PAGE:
Book Review: Gaspipe: Confessions of a Mafia Boss

Gaspipe: Confessions of a Mafia Boss
Author: Philip Carlo
Rating: 8/10


I lost my Kindle in early November on an overnight bus from Kuala Lumpur to Penang, and thus began a dark two weeks of no reading for me. I was sad. But then I spotted this book on the shelf of a cheap hotel along the river of remote Bukit Lawang in Northern Sumatra, Indonesia, where my twin and I had traveled to see Orangutans in the wild. I stole it without contributing another, surely incurring some karmic debt.

This book is a biography of a young man, Anthony Casso, who grew up in an Italian-American family in Brooklyn in the 1940s. His parents had come to the US in a time of massive immigration to the US from all over the world. In this book I learned that in one decade around 1900, 4 million Italians came to the US at a time when the total US population was ~75 million. Many of them competed hard for jobs and other opportunities against immigrants from other countries, like Ireland, and faced a ton of adversity from all sides. Some Italian immigrants to Brooklyn at this time were educated in the ways of the Sicilian Mafia, and created a support structure for these Italian Americans to secure the opportunity they had come to search for. They called it La Costa Nuestra (“our thing”). Unfortunately, this structure often involved killing people in public in New York City, racketeering, exploiting control of labor unions, and more.

The young boy readers are introduced to at the beginning of the book eventually grows up to be Gaspipe: one of the most notrious leaders of the New York mob in the 1980s and 90s. He kill stons of people, runs coke and heroin from South America, skims money off the top of all the gas pumps in New Jersey, and more. He’s got Judges and NYPD on his payroll, and uses Police Officers to kidnap anyone he wants. It’s fascinating.

Spoiler alert in this next paragraph, but its too cool not too share:
Gaspipe is eventually caught by the FBI and is probably the biggest Mob catch they’ve ever made. He agrees to tell all in exchange for 8 years in prison, the same deal another similar guy got. They shake hands, and Gaspipe actually does tell everything he knows. But what he knows actually discredits the under-oath testimony of the other guy, who was a key witness for the FBI in other cases. So instead of revisiting the other cases, the FBI tells Gaspipe they “don’t want to hear anything about” the other guy, and sweet what he’s saying under the rug. They then refuse to use him as a witness in any other cases, since he discredits their existing cases, and so they never make good on the plea deal they made. And so he’s going to die in prison. By the end of the book the author has successfully made you feel bad for the guy, but of course then you remember that he killed like dozens of people and stole millions from innocent civilians.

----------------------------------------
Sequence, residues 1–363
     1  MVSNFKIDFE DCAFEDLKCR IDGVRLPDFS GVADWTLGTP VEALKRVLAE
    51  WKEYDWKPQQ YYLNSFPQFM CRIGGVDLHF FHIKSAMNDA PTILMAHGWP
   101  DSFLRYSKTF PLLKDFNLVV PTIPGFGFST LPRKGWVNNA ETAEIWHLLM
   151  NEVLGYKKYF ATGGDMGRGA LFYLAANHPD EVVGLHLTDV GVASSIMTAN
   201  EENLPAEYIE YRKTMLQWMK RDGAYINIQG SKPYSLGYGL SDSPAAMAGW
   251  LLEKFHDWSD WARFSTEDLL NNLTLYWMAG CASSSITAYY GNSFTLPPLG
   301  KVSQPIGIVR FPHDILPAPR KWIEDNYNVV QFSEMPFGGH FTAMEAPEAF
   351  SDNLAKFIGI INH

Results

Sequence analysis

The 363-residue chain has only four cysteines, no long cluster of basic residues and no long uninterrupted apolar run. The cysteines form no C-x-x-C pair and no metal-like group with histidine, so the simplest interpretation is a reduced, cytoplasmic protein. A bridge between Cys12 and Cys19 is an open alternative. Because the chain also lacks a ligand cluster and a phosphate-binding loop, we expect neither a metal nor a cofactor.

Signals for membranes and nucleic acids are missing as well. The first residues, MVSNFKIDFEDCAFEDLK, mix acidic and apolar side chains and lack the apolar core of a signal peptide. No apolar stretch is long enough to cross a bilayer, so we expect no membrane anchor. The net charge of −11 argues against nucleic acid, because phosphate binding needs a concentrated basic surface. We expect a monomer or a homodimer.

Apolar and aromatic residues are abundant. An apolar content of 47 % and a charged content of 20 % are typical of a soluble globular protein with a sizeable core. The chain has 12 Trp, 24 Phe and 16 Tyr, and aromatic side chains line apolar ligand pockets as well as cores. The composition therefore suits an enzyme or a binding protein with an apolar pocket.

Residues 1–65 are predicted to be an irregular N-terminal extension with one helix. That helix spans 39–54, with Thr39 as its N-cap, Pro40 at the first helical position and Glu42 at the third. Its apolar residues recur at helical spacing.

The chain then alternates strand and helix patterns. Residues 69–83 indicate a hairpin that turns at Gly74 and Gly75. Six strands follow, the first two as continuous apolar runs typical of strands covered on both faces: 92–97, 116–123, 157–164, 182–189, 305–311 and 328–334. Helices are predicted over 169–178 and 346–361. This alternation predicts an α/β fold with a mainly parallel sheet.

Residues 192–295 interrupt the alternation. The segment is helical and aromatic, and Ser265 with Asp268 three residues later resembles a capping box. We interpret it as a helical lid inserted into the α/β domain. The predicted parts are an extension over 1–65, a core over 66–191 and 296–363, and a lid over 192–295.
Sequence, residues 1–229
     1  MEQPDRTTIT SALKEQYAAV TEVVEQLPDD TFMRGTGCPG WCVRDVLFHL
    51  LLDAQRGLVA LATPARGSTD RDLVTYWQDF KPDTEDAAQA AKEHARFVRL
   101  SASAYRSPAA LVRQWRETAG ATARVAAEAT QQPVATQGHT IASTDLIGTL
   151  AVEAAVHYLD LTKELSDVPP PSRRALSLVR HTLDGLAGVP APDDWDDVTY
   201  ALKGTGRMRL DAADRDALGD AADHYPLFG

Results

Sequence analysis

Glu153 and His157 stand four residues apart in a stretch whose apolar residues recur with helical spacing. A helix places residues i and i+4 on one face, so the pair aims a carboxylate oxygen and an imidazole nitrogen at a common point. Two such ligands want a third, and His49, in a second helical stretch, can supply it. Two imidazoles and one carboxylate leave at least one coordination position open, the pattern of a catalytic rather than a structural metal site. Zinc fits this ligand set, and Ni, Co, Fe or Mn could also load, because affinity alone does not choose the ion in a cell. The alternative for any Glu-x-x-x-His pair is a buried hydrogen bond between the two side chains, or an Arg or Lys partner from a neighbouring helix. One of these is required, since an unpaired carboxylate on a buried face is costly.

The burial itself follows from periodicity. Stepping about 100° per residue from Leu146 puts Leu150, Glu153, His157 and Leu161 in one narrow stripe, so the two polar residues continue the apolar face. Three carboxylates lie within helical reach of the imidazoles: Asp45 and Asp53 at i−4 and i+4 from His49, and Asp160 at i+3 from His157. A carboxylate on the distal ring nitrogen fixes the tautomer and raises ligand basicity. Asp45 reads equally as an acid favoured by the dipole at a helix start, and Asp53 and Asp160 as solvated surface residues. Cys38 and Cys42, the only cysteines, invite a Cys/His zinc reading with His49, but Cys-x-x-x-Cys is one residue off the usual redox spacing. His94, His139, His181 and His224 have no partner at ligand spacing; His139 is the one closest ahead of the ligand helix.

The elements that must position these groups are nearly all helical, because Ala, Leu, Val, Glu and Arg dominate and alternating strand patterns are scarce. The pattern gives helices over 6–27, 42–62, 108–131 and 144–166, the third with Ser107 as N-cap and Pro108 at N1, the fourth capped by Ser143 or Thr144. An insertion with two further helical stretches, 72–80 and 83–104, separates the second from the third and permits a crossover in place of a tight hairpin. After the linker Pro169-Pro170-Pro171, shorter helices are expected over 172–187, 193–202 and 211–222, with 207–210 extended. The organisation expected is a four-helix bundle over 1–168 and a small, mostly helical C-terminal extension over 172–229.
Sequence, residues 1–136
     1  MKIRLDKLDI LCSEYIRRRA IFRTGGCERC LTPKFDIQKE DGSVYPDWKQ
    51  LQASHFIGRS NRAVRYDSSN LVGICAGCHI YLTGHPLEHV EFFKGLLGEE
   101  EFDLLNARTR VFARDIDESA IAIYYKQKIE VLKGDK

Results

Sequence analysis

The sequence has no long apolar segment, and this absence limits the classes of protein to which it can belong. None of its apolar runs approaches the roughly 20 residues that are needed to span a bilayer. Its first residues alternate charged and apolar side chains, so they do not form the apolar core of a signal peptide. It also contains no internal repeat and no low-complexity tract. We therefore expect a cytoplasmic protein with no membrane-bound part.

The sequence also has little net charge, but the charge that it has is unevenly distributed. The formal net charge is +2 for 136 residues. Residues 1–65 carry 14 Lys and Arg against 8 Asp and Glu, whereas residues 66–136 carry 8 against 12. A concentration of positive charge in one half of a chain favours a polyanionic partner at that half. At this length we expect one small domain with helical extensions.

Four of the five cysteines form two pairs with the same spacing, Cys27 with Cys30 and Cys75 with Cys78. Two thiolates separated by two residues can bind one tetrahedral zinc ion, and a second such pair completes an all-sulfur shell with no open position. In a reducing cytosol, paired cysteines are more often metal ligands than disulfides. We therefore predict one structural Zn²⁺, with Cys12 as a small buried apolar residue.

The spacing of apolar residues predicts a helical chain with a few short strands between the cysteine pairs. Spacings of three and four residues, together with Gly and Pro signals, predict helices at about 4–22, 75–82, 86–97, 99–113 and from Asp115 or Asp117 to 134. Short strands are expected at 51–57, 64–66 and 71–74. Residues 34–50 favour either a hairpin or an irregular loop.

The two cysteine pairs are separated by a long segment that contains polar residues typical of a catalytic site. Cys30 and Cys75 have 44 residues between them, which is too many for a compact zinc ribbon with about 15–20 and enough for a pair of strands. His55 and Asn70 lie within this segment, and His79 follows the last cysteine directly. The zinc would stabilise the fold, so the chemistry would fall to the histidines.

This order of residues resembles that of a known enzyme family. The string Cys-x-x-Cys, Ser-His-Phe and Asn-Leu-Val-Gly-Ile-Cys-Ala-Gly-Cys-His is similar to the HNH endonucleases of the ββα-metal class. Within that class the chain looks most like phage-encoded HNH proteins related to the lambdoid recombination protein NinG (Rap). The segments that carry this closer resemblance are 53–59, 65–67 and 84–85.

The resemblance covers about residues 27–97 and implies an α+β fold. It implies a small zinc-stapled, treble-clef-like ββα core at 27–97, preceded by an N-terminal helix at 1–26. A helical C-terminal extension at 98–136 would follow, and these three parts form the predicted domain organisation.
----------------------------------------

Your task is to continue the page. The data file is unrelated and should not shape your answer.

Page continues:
Did you know who the lead Assistant Attorney General was in this whole federal government effort that broke down the New York mob in the 90s? Rudy Guliani! He made his name breaking up the mob before eventually running for mayor of New York as tough on crime, taking credit for rebuilding NYC after 9/11, and on to be one of the most unscrupulou campaigners for Trump in 2016. It’s interesting to know where he comes from.

This book is a thrilling account of a time I was too young to really remember. I couldn’t put it down. Read it!

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